Botanic Superlatives: The World's Largest Vertical Garden

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Botanic Superlatives: The World's Largest Vertical Garden

September 28, 2012
08:30am
Photo by: Eco Seven

Vertical gardens have grown a lot since 1988, when French botanist Patrick Blanc first experimented growing plants without dirt—on a wall. Their popularity seems limited only by its design, which has been demystified as a fairly straightforward system of a water source, a frame, and a couple layers of felt or wool. Restaurants in Mexico and studios in Manhattan now grow walls of philodendrons, ivies, ferns, bromeliads, begonias, and hoyas. And they've been growing bigger. A living wall in Milan was recently granted the superlative title of world's largest. Designed by architect Francesco Bollani, the vertical garden carpets 13,600 square feet of an Italian mall's facade.

The garden's 44,000 plants grew in a greenhouse for a year before Bollani and his team began assembling the wall, a design the architect compares to a giant Lego structure. The plants live in small metal containers that allow for easy irrigation and care. Bollani's modular system was more expensive than single surface vertical gardens, but it made it a lot easier to build, and large enough to garner its superlative title from the Guinness Book of World Records.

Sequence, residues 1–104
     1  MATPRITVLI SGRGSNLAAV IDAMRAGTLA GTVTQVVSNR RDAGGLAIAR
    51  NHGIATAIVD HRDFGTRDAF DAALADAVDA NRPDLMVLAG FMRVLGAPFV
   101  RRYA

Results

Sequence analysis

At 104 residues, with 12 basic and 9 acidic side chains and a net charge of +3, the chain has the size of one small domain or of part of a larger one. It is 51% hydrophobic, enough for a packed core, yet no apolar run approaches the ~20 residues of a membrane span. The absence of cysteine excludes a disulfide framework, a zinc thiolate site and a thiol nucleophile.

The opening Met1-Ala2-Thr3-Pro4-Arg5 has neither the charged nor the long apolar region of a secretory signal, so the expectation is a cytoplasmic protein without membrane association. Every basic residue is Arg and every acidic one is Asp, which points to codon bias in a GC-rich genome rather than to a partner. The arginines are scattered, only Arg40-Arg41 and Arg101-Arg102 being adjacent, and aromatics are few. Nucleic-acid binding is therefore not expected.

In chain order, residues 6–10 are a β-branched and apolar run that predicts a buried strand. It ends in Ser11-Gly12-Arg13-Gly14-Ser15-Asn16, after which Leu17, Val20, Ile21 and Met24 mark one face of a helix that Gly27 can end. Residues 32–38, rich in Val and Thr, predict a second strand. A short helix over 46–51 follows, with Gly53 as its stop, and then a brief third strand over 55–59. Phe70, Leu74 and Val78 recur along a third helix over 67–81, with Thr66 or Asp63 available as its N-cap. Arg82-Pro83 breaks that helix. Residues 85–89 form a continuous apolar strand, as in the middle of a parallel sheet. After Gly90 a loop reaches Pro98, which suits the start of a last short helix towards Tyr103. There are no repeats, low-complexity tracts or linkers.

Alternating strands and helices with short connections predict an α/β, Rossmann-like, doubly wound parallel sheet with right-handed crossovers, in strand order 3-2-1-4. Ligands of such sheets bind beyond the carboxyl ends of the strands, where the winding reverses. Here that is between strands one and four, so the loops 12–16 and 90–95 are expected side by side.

According to the shopping center's director, the garden helps regulate the building's temperature by insulating and reducing exposure to direct sunlight. Previously, the largest garden in the world was at Jardín Vertical Hotel Santo Domingo, in Madrid, measuring 844 square meters. The garden in Milan was completed in 2010, but just recently awarded the official world record.

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